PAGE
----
Fortunately, IIM has been programmed to work with several programs that do offer conditional branching, like Visual Basic, a programming language built into most Windows PCs. Visual Basic is, as the name implies, a programming language so basic it can be understood by almost any engineer or power user. Anyone familiar with VB could program all of the code required to make IIM automate nearly all of the testing. An entire series of tests could be run, and the results of each recorded, at the click of a mouse.

There are three versions of iOPUS Internet Macros, priced from $29.95 to $329. The low cost version is a power net surfer application and not really useful for testing. The $149 version is fine for testing, and only lacks a few of the features of the deluxe version. The top of the line IIM Scripting Edition offers the ability to interface with Visual Basic and other programming languages. It also offers the software to run IIM scripts on any other Windows computer. So, if you want to test your company's Website on Windows 95, 98, ME, 2000, XP, NT 4.0 and 5.0 systems, you don't have to buy 7 copies of IIM. You just load the free script player on each machine, along with the automation scripts you've recorded, and click the play button.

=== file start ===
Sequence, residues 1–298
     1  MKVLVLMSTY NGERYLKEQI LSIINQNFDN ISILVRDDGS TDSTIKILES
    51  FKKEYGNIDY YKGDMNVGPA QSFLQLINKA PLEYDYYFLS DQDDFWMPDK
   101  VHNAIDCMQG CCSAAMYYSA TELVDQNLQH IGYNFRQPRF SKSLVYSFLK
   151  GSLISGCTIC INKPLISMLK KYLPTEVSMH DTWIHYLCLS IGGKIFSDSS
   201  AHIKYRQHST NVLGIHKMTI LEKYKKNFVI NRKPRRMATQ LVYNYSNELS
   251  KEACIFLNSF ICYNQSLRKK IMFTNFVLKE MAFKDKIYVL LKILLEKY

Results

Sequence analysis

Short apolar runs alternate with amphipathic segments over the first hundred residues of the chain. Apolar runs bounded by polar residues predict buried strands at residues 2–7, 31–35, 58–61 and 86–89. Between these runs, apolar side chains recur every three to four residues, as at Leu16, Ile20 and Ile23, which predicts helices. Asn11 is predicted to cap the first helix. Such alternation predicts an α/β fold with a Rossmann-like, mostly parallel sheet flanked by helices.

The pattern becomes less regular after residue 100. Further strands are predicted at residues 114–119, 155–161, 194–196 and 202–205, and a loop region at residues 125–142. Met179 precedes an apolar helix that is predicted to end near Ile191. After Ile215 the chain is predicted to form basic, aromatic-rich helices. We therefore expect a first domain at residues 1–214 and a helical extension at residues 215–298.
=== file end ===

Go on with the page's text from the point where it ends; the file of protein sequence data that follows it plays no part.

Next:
If IIM is beyond your budget, there are still alternatives. Windows and traditional Macs both have a limited built-in scripting capability that can be used for testing, and it doesn't take an engineer to use it. Mac X and Linux computers have even better capability, but it requires a real engineer to make it work.

Companies that develop software on Mac X and Linux platforms rely heavily on the wide variety of built-in tools found in all Unix-based operating systems, particularly shell programming languages. (Shell programming languages make it easy to talk to the operating system of the computer, and therefore easy to simulate the actions of a user.) A good engineer could develop tools to test an e-commerce Website using shell scripts, but engineering costs could run in the thousands, possibly more.

Another low cost approach would be hire local non-skilled labor to perform user testing at minimum wage, but this usually doesn't work out. Isolating and reporting bugs to engineers is a learned skill. Realistically, it would be as cheap, and more useful, to hire an offshore test team. You can get an engineer in India for the equivalent of minimum wage here, and Indian engineers supply their own computers.

Any way you look at it, there is no ideal way to perform business Website testing at low cost. It takes a combination of manual and automated testing, and neither is free. At least now, thanks to iOPUS Internet Macros, automation software has become affordable.

Glen Emerson Morris is currently Senior Quality Assurance Engineer responsible for e-mail services at Yahoo.com. Previously, he was a consultant for Ariba, WebMD, Inktomi, Apple, and Adobe.

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Copyright 1994 - 2010 by Glen Emerson Morris All Rights Reserved